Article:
Victoria’s education industry is in a “state of disbelief” after Premier Dan Andrews and federal Education Minister Alan Tudge warned large numbers of international students would probably not return this year.
Phil Honeywood, CEO of the International Education Association of Australia, said the comments had shocked Victoria's biggest export sector.
“It’s not just the $12.5 billion prospective hit to our state’s economy, it’s also an equity issue,” he said.
“Students are stranded overseas having invested tens of thousands of dollars in a world-class education and now face a two-year wait.”
Phil Honeywood, CEO of International Education Association Australia.Credit:Wayne Taylor
Tens of thousands of international students left Victoria last year after COVID-19 entered Australia and Prime Minister Scott Morrison told people on visitor visas it was time for them to “make your way home”.
Department of Home Affairs figures show almost 57,000 people, or more than a third of Victoria's primary student visa holders, are now studying offshore. Nationally, almost 164,500 primary student visa holders – or 30 per cent – are studying offshore.
Tun Xiang Foo, a third-year international student studying a Bachelor of Arts degree at the University of Melbourne, is among them.
Tun said:“I left Melbourne in May 2020 to be with my family and with the gut feeling that online classes will not be going away so soon, for arts subjects at least, and Australia might be impacted by a second wave.”
Another student, Eva Midtgaard, said she gave up a job with the London Stock Exchange and moved out of her London flat with the intention of moving to Australia in April 2020 to do a PhD at Sydney University.
"Every international student waiting to enter Australia can tell you about their hardship and frustration in the situation," she said. "Life is short, I do not have an unlimited amount of time to wait for this situation to be resolved."
Meanwhile, the number of temporary student visa holders entering Australia has also fallen off a cliff. Only 230 entered the country last month, compared with 40,790 in December 2019.
Mr Andrews said this week bringing tens of thousands of international students to Victoria would be “incredibly challenging, if not impossible during this year” due to quarantine capacity constraints.
“The prospect of tens of thousands of international students coming here while we’ve still got people struggling to get home, or even if there was every Aussie that wanted to come home had already made it home, there’s a big capacity issue here,” he said this week.
"Our borders are closed … all of us have to adjust, do things differently."
Mr Tudge also told The Australian it would be "very difficult" to bring back international students because the government was focused on getting Australians home and keeping COVID-19 out of the country.
Victorian Premier Dan Andrews has poured cold water on large numbers of international students returning to Victoria this year.Credit:Kristoffer Paulsen
ANU Professor Andrew Norton said while universities had forecast many years of substantially reduced revenue due to COVID-19 border closures, many had hoped international students would arrive back on campus later this year.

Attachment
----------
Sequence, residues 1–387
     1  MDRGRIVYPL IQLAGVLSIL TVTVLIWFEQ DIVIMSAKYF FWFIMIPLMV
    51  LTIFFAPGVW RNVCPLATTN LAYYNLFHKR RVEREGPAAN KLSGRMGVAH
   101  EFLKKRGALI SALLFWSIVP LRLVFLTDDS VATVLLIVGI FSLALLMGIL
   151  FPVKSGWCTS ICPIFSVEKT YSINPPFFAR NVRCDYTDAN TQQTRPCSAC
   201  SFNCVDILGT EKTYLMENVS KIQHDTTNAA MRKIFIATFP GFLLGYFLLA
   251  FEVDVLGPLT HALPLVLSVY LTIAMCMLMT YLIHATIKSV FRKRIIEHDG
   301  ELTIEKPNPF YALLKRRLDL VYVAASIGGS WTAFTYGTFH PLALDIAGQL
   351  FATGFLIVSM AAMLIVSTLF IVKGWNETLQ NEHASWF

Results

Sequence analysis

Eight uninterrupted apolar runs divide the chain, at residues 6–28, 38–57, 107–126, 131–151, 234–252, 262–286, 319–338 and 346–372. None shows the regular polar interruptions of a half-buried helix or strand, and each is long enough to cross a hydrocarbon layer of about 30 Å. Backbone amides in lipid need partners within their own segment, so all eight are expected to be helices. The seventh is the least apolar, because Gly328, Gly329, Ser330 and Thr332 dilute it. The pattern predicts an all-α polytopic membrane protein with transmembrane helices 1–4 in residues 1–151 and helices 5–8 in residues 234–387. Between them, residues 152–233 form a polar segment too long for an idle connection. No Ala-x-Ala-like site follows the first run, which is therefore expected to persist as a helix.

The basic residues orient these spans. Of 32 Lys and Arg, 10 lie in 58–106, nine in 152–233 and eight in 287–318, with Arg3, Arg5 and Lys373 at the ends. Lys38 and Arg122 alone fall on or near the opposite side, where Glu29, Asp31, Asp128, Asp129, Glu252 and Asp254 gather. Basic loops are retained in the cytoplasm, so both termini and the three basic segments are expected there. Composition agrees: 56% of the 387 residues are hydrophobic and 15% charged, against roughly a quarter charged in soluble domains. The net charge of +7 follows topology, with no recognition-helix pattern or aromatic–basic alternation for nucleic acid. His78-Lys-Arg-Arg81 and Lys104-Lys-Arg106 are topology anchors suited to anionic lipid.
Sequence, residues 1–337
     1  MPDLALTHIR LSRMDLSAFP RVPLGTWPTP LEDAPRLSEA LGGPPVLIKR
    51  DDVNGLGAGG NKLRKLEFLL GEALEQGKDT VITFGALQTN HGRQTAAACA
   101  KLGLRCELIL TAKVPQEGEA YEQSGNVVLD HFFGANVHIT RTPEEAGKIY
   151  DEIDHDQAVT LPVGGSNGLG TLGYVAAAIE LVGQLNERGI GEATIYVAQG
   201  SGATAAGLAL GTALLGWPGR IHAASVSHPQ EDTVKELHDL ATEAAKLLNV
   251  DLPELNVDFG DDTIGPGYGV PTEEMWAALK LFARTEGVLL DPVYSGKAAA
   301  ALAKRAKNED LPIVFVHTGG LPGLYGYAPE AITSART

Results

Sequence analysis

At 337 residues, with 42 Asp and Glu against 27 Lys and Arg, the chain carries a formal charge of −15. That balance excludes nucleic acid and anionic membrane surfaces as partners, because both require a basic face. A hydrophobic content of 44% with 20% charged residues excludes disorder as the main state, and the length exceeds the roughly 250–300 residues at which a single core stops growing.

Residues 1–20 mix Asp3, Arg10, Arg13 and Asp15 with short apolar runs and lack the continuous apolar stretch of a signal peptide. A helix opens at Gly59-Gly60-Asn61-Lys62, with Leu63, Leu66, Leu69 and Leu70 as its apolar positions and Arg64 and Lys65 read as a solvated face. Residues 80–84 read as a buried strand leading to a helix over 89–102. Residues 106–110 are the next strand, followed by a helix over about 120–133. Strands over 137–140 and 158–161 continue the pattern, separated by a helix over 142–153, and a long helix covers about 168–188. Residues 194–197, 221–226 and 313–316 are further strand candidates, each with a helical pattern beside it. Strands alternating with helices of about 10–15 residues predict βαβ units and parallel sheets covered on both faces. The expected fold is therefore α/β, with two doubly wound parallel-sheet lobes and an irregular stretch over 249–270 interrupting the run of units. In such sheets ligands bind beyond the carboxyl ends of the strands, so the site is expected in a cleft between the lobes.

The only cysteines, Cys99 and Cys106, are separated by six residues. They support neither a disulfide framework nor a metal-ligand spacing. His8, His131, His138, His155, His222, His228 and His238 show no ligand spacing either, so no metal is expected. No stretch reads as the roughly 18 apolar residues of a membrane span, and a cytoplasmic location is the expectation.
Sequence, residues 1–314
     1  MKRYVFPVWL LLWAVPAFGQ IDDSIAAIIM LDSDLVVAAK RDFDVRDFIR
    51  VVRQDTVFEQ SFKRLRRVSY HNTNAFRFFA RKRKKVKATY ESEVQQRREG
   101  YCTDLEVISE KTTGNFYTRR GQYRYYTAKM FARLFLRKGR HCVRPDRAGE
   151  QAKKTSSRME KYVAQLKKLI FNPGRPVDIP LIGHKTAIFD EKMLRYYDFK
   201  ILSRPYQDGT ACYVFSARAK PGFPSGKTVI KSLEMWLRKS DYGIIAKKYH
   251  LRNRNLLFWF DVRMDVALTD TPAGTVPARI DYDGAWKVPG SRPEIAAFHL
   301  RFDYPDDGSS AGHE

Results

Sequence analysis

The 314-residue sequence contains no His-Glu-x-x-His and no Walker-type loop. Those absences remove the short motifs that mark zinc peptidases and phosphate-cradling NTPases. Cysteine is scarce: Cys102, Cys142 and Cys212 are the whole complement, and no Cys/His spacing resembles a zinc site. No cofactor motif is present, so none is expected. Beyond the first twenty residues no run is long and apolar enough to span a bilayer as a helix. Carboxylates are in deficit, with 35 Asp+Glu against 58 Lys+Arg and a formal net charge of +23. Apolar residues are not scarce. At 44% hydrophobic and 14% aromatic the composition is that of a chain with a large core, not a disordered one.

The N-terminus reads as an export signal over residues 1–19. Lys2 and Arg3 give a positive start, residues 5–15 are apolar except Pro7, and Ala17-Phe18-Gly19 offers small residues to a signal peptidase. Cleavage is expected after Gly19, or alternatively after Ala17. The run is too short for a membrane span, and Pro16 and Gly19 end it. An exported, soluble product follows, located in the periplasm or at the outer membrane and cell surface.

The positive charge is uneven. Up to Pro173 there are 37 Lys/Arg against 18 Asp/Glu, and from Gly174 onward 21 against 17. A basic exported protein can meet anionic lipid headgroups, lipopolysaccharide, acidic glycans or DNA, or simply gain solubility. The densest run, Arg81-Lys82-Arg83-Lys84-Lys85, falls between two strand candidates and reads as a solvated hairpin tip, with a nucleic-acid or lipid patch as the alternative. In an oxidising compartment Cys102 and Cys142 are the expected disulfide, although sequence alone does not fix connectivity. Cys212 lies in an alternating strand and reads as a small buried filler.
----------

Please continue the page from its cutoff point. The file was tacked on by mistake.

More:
“The best-case scenario for me was always that they would get some non-trivial intake in the second half of 2021, but even that is unlikely at this point,” he said.
Victorian universities say they are focused on supporting international students who are studying on campus or in their home countries, but online-only learning cannot last forever.
La Trobe University said “there remains significant interest in studying online provided that the prospect of a physical return to campus is not delayed for too long.”
Deakin University said “while feedback from international students studying online from offshore is generally positive, the university understands that it is not the situation that students expected or what they would prefer.”
Swinburne University said it had a “a number of students commence studies with Swinburne from their home countries in readiness for when they can travel to Australia”.
RMIT said it was “working closely with the Victorian government and other Victorian universities on a state-wide approach that will allow international students to enter Victoria”.
It’s understood new international student applications are down 25 per cent at RMIT, compared to the same time last year.
Professor Norton said international education was vulnerable on two fronts: losing new enrolments, and existing students dropping out.
“If students think they’re going to turn up [in Victoria] in six months’ time they might be willing to pay the full fee, but if it’s going to be a year or 18 months then that’s probably a different situation,” he said.
“My expectation is they thought this [online study] was a temporary situation and therefore they would see it out for a while. But now that it looks like being a lot more than temporary and if it goes till the end of this year, that’s half a three-year degree.
“Why pay a premium price for a university where you can’t even arrive in the country?”
Universities Australia, representing public universities, has estimated 21,000 jobs are at risk from COVID-19 border closures.
Victoria University, Federation University, Monash University and Mr Tudge's office did not respond to requests for comment.
- with Michael Fowler
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